Crate-Training Could Help Calm Anxious Pooch
By Steve Dale - Tribune Media Services

QUESTION: My 3-year-old Havanese is basically house-trained, except occasionally he’ll poop in the house. Twice a year, while we’re away, he spends a week with friends. He also poops in their homes and occasionally urinates there, too. I’m running out of friends to watch him. Any suggestions? — L.W., Tarrytown, N.Y.

ANSWER: “I wonder how happy your dog is to be dropped off at these homes,” asks Dr. Brenda Griffin, assistant professor at Cornell University College of Veterinary Medicine, Ithaca, N.Y. “For some dogs, there’s tremendous anxiety being left in an unfamiliar place, even if the people are familiar. And it’s unclear if the people are familiar. If there are other animals in these homes, that makes matters more complex. Also, the dog has learned to pee and poo in other people’s homes. Now, we have to prevent that cycle from continuing.”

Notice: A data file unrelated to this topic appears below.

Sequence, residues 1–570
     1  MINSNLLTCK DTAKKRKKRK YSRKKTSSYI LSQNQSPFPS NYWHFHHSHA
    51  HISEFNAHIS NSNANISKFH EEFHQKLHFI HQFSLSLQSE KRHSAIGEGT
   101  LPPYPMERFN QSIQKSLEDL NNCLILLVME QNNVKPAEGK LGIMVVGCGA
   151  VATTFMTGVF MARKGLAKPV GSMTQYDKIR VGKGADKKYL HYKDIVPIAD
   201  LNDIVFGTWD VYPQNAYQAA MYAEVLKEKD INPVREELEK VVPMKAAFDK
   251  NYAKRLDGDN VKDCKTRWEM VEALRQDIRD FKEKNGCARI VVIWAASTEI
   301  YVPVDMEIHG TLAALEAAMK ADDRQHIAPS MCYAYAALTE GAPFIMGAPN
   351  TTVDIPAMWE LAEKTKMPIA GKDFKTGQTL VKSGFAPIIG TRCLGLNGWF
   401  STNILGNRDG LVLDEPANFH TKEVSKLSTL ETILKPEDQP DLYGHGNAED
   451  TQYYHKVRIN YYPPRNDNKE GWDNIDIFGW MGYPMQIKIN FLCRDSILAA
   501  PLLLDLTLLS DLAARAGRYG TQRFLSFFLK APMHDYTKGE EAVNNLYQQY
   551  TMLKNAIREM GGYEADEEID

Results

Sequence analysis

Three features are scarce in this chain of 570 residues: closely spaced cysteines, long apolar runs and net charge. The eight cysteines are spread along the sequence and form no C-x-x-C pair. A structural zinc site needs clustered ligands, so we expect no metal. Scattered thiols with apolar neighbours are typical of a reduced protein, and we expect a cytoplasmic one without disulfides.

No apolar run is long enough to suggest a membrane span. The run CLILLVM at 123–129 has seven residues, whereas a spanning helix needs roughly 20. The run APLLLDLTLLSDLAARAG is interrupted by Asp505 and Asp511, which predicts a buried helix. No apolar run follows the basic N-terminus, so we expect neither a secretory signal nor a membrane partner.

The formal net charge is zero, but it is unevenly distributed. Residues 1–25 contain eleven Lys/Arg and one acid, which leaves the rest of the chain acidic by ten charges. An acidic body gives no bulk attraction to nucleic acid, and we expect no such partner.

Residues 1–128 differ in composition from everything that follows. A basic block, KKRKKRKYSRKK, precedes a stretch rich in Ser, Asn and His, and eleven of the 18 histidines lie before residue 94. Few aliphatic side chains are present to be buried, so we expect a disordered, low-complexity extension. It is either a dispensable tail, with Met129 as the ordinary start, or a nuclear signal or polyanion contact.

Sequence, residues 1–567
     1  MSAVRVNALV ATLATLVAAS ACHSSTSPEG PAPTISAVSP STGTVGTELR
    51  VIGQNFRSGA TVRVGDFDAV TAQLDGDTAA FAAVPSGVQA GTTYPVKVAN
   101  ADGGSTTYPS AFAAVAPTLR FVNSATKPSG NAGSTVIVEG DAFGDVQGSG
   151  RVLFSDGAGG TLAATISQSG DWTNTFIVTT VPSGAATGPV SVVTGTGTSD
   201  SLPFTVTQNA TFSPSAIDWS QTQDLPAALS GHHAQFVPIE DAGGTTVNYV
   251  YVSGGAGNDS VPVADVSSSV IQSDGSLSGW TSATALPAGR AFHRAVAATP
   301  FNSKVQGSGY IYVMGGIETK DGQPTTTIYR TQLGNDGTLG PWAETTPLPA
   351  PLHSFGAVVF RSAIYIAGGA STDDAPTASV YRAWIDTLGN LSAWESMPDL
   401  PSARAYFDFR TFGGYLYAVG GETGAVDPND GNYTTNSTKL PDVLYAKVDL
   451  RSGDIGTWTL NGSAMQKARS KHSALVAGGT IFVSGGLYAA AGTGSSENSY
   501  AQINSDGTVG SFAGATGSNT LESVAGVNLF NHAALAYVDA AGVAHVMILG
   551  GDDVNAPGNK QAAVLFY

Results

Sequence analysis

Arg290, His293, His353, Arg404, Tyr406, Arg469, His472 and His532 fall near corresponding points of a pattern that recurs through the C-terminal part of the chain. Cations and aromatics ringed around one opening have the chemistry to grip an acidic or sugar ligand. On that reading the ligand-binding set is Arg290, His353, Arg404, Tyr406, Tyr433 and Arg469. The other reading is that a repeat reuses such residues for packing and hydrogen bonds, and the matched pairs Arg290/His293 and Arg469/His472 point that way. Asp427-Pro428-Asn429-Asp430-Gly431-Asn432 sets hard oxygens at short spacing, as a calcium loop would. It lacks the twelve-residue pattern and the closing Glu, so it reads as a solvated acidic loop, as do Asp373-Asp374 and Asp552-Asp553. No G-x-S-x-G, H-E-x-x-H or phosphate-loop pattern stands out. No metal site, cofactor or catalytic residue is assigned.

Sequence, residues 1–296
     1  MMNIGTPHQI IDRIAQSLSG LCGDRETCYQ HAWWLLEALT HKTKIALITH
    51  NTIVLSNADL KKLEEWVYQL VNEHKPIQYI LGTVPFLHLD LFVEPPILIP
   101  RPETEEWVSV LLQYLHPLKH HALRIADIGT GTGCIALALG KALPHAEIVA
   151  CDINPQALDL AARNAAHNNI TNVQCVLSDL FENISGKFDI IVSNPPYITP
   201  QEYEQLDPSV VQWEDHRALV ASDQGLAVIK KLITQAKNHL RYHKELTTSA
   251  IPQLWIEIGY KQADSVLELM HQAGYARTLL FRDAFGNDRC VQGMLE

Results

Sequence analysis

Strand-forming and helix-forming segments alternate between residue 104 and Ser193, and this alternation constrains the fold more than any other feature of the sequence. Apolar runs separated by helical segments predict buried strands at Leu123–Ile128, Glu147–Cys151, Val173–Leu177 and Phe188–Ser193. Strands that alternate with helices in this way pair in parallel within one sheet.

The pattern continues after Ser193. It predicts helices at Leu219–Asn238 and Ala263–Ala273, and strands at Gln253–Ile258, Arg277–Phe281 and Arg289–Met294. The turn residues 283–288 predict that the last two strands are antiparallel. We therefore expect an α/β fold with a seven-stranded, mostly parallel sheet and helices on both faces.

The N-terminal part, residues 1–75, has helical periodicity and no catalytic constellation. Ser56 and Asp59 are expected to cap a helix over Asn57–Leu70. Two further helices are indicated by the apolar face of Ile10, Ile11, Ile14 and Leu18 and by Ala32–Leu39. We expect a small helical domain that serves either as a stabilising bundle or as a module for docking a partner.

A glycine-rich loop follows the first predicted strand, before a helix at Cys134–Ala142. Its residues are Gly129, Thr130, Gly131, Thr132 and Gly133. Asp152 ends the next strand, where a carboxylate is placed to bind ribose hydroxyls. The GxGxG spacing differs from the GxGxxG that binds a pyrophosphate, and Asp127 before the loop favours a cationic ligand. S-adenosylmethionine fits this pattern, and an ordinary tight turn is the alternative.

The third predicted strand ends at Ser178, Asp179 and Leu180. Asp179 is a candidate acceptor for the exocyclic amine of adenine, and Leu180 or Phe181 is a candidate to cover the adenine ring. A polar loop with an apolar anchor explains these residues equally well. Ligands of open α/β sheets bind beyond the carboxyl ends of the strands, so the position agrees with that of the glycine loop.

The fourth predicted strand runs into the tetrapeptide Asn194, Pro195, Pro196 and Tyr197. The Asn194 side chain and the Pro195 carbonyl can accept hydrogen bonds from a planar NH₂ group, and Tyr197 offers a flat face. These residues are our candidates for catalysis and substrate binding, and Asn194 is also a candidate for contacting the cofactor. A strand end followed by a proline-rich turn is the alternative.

Griffin suggests crate-training your little guy. Restricting him inside a crate when you can’t supervise will prevent accidents because dogs don’t like to foul their sleeping area. (Only one caveat: If your dog is having accidents only when people aren’t home, the problem is likely separation anxiety and professional assistance is recommended). Ask your pet-sitting friends to take the dog out on a leash and reward him for going potty with praise and a special treat, as if he were a puppy. If he doesn’t do his business, back into the crate he goes.

Meanwhile, it can’t hurt to plug in a diffuser called Dog Appeasing Pheromone (a kind of relaxing aromatherapy for dogs). Play (Havanese generally love to play) is also a great antidote for stress.

Perhaps for your dog, another alternative to consider is to have a friend or professional pet sitter live at your house when you’re away. Your pup will likely feel more comfortable in his own surroundings.

QUESTION: My dog doesn’t lift his leg to urinate. This is a problem because he piddles on his own front legs. His beautiful cream-colored coat is turning yellow. Getting this 50-pound dog into a bathtub every day is getting old. The vet says everything is OK and my dog may catch on eventually. Any advice? — J.A.G., Peoria, Ill.